"Oh well, that would happen here, typical Scottish Government/UK Government/Edinburgh Council* – absolutely useless.” Sound familiar? Or “I’ve had it with Britain’s right-wing politics. If we don’t get independence soon, I’m going to move to a palatial villa in Italy for the price of my two-bedroom flat in Glasgow.”
Of course, there are undoubtedly many things we could improve on, but the concept of this “abroad good, home bad” ideology intrigues me. So over the course of the past couple of months, I wrote a series of features examining this very issue: in four lengthy articles, I’ve focused on healthcare; education; sport and immigration. I’ve looked at how the countries held up as the shining examples in these fields really operate, and whether there are lessons we can learn from them.
Some of the random details I came across during my investigations were fascinating.
I discovered while South Korea has one of the best medical systems in the world, if you want to be washed, fed or have your teeth cleaned while incapacitated in your hospital bed – and you don’t have a wife, sister or mother living nearby to do it for you – you have to pay a fairly hefty amount every day for an external agency to come in and look after you. It is not the nurses’ job to help.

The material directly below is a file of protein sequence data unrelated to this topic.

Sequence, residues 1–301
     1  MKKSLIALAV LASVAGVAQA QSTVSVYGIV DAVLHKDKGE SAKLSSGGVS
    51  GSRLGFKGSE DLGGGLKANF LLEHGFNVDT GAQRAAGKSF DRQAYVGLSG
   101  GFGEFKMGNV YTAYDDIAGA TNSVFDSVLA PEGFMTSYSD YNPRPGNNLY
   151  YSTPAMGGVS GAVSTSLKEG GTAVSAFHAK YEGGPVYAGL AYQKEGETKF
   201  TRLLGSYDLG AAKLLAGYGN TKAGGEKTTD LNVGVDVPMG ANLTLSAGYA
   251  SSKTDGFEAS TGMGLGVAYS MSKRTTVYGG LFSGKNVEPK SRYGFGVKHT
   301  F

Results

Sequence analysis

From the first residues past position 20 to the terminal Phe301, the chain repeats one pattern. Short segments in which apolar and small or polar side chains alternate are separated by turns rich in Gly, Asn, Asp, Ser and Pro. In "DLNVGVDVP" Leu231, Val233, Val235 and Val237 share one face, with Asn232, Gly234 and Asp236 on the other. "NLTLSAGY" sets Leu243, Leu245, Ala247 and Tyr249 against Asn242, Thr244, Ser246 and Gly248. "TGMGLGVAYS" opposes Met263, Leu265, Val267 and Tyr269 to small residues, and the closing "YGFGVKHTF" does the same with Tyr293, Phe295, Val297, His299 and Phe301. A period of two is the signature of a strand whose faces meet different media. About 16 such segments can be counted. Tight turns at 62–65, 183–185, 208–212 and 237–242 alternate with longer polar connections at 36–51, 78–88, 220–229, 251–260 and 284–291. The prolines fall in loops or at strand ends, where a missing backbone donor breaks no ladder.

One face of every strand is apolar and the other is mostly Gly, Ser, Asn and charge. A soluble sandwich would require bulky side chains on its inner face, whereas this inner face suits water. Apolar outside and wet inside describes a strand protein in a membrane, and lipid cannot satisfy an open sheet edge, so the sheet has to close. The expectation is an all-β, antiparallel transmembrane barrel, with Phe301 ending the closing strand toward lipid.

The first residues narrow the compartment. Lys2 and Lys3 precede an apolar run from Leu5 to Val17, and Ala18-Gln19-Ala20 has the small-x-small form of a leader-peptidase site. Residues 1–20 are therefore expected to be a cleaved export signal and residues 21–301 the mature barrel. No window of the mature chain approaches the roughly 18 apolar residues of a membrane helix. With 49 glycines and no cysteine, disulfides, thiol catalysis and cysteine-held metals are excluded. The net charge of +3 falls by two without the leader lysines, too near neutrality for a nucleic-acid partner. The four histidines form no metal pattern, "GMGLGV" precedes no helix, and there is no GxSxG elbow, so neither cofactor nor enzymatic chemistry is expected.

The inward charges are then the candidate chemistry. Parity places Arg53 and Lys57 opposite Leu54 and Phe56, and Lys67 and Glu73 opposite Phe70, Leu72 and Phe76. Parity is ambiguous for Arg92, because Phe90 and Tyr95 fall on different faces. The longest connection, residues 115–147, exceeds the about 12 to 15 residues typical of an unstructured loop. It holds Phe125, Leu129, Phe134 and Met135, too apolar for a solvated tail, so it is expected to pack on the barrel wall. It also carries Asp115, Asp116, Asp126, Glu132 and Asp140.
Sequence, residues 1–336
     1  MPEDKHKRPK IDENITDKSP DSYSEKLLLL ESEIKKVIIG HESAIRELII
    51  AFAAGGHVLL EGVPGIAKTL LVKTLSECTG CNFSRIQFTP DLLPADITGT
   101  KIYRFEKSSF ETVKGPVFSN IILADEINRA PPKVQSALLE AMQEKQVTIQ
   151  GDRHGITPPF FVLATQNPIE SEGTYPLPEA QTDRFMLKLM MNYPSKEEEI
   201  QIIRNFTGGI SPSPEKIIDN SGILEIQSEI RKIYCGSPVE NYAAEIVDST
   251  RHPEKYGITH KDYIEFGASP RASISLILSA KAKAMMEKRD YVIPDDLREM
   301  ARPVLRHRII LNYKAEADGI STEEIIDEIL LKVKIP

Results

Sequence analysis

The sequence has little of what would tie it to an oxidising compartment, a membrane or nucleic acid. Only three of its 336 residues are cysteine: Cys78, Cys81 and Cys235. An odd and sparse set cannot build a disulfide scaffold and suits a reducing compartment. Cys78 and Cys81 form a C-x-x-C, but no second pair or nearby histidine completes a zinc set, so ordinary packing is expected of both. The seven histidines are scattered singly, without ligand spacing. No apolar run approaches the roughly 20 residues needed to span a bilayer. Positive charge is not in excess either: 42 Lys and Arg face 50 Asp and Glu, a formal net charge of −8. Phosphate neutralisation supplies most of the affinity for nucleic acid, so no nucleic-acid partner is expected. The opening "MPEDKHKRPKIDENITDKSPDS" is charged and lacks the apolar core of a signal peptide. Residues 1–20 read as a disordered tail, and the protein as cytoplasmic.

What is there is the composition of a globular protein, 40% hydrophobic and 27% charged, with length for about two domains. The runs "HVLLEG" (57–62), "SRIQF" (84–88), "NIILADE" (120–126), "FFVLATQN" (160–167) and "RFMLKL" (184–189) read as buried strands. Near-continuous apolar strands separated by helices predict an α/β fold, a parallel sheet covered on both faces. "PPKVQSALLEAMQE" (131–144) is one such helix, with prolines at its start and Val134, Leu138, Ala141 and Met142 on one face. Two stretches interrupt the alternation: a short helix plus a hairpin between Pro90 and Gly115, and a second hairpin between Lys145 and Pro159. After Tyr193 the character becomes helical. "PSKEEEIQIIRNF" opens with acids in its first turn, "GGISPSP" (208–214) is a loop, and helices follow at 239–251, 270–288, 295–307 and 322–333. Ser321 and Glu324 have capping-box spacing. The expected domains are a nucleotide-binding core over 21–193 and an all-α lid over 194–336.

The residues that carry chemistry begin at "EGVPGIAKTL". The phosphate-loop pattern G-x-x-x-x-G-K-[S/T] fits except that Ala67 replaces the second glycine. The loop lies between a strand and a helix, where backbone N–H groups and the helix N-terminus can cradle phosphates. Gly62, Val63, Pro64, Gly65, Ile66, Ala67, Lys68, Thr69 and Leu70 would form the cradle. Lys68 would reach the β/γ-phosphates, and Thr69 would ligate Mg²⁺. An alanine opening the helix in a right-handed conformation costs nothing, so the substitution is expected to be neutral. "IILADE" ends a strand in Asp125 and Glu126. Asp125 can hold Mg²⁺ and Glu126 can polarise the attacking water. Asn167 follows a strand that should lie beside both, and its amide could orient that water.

I learned Japanese school pupils clean their own classroom at the end of the day with a personal duster they make at home, while Danish children stay in primary school until they are 15. Meanwhile, again in South Korea, the over-achieving students almost all attend a night class after a full day of normal school, resulting in a generation of highly-stressed teens.
What I mainly discovered was, despite these countries being arguably more successful, when comparing some aspects of life, we may feel our ways have a few advantages – as well as disadvantages.
I was reminded of this when I read that parents of Ukrainian children living in the German capital of Berlin took to the streets on Monday to protest over the fact 1,500 youngsters in the city have still not been allotted a school place, despite having lived in the country for months. School places have, of course, been an issue here too, with local authorities warning of a lack of capacity in areas where there are large numbers of refugee children.
Germany is regarded as one of the most welcoming countries for refugees – and not only those from Ukraine. Back when the Middle East refugee crisis began, when thousands of Syrians and Afghans poured over the borders into Europe, Germany was first to open its borders and offer to help. It is hosting may times the number of Ukrainian refugees that we are – more than one million compared to 158,000 in the UK. It has generally done a great job.
Yet, it is worth remembering that even countries held up as shining examples of right-doing can make mistakes.